To be eligible to participate at the Youth Olympics athletes must have been born between 1 January 2000 and 31 December 2003 and all qualified players will take place in the doubles and mixed doubles events.

The ITF is trialling two new rules at the Buenos Aires 2018 with the introduction of on-court coaching and the no let rule.

For the first time at any Junior tennis event, coaches are allowed to access the court once per set to offer players advice.

Coaches are not be allowed to bring on any food or drink and can only enter at a change of ends or at the end of a set.

Should a doubles pairing have two different coaches, only one of them will be allowed onto the court.

The no let rule, which means that play carries on if the ball clips the top of the net but still lands within the service box, has been trialled on the Juniors circuit all year.

Home favourite Maria Lourdes Carle was handed a tough opening round encounter against Colombia’s Maria Camila Osorio Serrano after the draw was announced on Friday.

Eighteen-year-old Carle will need all the support of the home crowd at the Buenos Aires Lawn Tennis Club if she is to overcome World No 6 Osorio Serrano.

The Colombian comes to Argentina on the back of a semi-final finish in the girls’ singles at the US Open and in a year when she has won five singles titles, four of which have come on clay.

Top seed Wang Xiyu starts her Youth Olympics with a first-round match-up against Japan’s Yuki Naito, while second seed Liang En Shuo is hoping to get off to a good start against Latvia’s Daniela Vismane.

In the boys’ event all eyes will be on World No 1 Tseng Chun Hsin, who has two Junior Grand Slam titles to his name this year, including a win on clay at Roland Garros.

The 17-year-old from Chinese Taipei takes on Dostanbek Tashbulatov in the opening round.

Tseng defeated Sebastian Baez in the final back in June and we could be set for a repeat of that match should the Argentine fulfil his seeding of No 2.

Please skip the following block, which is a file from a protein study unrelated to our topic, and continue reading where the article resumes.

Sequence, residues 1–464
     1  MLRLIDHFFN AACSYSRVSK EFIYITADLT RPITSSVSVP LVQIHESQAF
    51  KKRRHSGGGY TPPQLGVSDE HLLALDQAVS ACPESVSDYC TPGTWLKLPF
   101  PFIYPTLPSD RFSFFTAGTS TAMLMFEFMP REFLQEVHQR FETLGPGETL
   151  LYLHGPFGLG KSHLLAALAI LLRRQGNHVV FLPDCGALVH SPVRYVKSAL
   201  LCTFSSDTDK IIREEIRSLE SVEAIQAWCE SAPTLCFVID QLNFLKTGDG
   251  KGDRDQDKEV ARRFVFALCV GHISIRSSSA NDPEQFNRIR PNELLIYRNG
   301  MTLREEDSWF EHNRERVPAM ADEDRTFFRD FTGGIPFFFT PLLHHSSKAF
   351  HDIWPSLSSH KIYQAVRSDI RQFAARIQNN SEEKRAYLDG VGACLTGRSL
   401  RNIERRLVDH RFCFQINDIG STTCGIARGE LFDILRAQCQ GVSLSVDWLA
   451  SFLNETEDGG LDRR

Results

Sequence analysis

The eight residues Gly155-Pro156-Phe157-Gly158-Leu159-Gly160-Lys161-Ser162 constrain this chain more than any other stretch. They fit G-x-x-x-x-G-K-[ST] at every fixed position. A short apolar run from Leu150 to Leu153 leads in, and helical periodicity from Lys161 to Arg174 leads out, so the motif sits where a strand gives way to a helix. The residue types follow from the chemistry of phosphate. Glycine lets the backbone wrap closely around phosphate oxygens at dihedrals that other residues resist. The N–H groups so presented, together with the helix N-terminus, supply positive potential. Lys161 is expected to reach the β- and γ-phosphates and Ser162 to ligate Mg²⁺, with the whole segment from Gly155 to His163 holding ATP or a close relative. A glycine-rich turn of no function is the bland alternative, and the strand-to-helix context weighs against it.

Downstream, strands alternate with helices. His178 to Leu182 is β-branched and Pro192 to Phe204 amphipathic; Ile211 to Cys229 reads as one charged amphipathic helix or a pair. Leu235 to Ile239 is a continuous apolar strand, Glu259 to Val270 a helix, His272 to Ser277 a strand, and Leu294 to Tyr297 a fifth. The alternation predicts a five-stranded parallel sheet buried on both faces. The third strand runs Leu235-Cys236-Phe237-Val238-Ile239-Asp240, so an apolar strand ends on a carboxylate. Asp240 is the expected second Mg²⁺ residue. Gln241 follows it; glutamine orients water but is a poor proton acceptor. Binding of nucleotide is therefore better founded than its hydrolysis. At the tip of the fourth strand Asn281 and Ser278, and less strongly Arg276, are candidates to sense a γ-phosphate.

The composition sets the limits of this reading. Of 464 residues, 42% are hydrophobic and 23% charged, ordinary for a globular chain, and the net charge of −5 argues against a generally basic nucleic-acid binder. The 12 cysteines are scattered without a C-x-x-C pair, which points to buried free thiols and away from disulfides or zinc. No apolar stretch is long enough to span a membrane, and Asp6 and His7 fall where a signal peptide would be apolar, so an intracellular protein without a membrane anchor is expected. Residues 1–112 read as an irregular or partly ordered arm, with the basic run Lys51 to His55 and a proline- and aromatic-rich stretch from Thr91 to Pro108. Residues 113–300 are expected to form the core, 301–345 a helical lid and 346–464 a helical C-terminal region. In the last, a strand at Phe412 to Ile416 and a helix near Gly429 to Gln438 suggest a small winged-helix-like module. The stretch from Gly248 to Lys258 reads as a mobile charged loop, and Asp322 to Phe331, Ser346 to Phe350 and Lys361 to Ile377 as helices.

Baez plays Chinese Taipei’s other male player, Ray Ho, in round one.

Other boys to watch out for in the Youth Olympics are World No 5 Lorenzo Musetti, who arrives in Argentina after a runner-up outing at the US Open, and No 6 Nicolas Mejia, who reached the semi-finals at Wimbledon but is a very capable clay courter.

A total of 40 countries are represented across the two singles events but, sadly, there is no British representation in the tennis event this time round with Jack Draper, Aidan McHugh and Emma Raducanu having opted to compete on the pro tours following the US Open.

About The Author

Barbara Wancke

Barbara Wancke is a Tennis Threads Tennis Correspondent who has been involved in the sport for over 40 years, not only as a former player, umpire and coach but primarily as an administrator and tennis writer contributing over the years to Lawn Tennis, Tennis World, and Tennis Today. She has worked with the Dunlop Sports Co, IMG and at the ITF as Director of Women’s Tennis, responsible, amongst other things, for the running of the Federation Cup (now Fed Cup), and acting as Technical Director for tennis at the Seoul Olympics (1988). She subsequently set up her own tennis consultancy Tennis Interlink and was elected to the Board of the TIA UK where she became the Executive Administrator and Executive Vice President until she stood down in July 2014 and is currently an Honorary Vice President.